We have been given a .bak file of a database from our vendor on a completely different network. They are placing their .trn files every 15 minutes on a sftp for us to pickup and write to the .bak file they sent us. This way we will have data up-to-date every 15 minutes or so.

What I have done is restored their backup WITH NORECOVERY. Then I restored all 800 .trn files WITH NORECOVERY, setting the last restore to WITH RECOVERY. Now that it is out of NO RECOVERY we can read from the DB.

Now that we are up-to-date, what is the process for restoring the new .trn files that they send us?

I apologize for the ignorance, I am new to the DBA game.

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    Once you use with recovery, you can no longer apply transaction logs. You need to restore no recovery and use a standby file. Take a look at StandBy option while restoring database Sep 9, 2019 at 20:29
  • Thanks for the comment @ScottHodgin. Could you help me understand: When you "RESTORE WITH STANDBY" it asks for a Standby file. What is this used for? The default file points to the .bak file I received. Does this mean that when reading from the DB, I will only see data as far as what is in the .bak file? I want to ensure that we can read all transactions post .bak file as well. Also, can normal backups be taken of the database while it is in Standby? Sep 9, 2019 at 20:57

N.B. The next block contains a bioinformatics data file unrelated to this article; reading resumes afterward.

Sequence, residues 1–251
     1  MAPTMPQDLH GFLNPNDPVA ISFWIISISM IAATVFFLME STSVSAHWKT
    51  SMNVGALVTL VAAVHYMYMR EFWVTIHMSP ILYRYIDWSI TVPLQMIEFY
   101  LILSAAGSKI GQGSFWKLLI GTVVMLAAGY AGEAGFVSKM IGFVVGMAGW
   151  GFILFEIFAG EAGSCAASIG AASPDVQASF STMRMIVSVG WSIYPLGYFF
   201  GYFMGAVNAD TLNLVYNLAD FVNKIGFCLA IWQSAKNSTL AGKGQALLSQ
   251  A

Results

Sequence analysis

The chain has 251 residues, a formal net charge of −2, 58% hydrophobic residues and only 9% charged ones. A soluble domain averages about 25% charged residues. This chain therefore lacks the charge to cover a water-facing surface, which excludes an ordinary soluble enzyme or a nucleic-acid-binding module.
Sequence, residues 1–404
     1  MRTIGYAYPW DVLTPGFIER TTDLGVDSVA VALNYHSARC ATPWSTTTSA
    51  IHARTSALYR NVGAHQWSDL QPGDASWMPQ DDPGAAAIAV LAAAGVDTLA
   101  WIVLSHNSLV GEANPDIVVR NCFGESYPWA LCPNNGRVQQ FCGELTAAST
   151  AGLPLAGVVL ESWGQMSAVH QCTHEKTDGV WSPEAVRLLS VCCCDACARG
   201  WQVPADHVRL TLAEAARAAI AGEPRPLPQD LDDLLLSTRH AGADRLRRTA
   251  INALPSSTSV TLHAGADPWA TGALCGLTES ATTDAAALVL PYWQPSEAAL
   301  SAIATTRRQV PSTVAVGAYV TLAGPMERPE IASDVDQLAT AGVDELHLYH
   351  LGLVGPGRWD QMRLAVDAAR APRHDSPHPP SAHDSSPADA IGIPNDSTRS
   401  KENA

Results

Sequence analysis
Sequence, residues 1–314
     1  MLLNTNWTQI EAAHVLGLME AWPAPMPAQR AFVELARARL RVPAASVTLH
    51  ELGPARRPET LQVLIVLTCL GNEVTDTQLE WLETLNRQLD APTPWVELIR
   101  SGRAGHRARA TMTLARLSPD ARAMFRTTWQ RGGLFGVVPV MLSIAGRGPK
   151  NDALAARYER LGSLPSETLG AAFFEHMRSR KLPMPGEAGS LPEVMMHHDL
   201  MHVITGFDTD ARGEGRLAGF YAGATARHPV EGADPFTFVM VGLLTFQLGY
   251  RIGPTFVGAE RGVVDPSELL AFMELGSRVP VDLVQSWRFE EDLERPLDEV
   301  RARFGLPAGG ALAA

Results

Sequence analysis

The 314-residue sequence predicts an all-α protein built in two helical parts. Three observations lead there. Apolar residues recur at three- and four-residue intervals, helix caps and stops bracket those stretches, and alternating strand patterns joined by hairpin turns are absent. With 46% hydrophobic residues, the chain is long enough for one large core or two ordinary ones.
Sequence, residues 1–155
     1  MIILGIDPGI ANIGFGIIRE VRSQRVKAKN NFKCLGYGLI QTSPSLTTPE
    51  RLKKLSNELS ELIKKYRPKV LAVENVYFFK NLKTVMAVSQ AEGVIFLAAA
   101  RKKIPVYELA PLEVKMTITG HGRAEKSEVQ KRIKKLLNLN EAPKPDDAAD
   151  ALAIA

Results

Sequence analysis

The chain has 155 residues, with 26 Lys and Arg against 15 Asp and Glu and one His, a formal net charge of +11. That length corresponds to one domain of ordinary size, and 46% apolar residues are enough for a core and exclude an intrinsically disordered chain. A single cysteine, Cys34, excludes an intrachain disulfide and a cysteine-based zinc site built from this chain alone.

• NORECOVERY only does the redo operations in the log backup. RECOVERY also perform UNDO (rollback). Because of that, you cannot "connect" one more log backup after that, since a prior potential rollback will leave "gap of data". STANDBY does UNDO, but it saves that work in the file that you specify. This means that for a subsequent restore, it can undo the precious UNDO with thanks to the undo file. When using STANDBY you will see "current" information as per the most recent log backup, minus what was rolled back, of course. No, you cannot take a backup of a database where you did STANDBY. Sep 10, 2019 at 9:32

1 Answer 1


You should only issue WITH RECOVERY when it's the last backup to restore or when you are sure that is the point where you want to go. After that there's no way to restore any more backups.

Now you will need to restore everything again to keep the same log chain.

If you need to "open" the db without break the log chain, you must use WITH STANDBY = 'path/file'. This will open the DB in READ ONLY mode and when you need to restore more files, SQL Server will use the 'path/file' you create to allow the DB to continue restore the log chain.

You may take a look to this option here: https://learn.microsoft.com/en-us/sql/t-sql/statements/restore-statements-arguments-transact-sql?view=sql-server-2017

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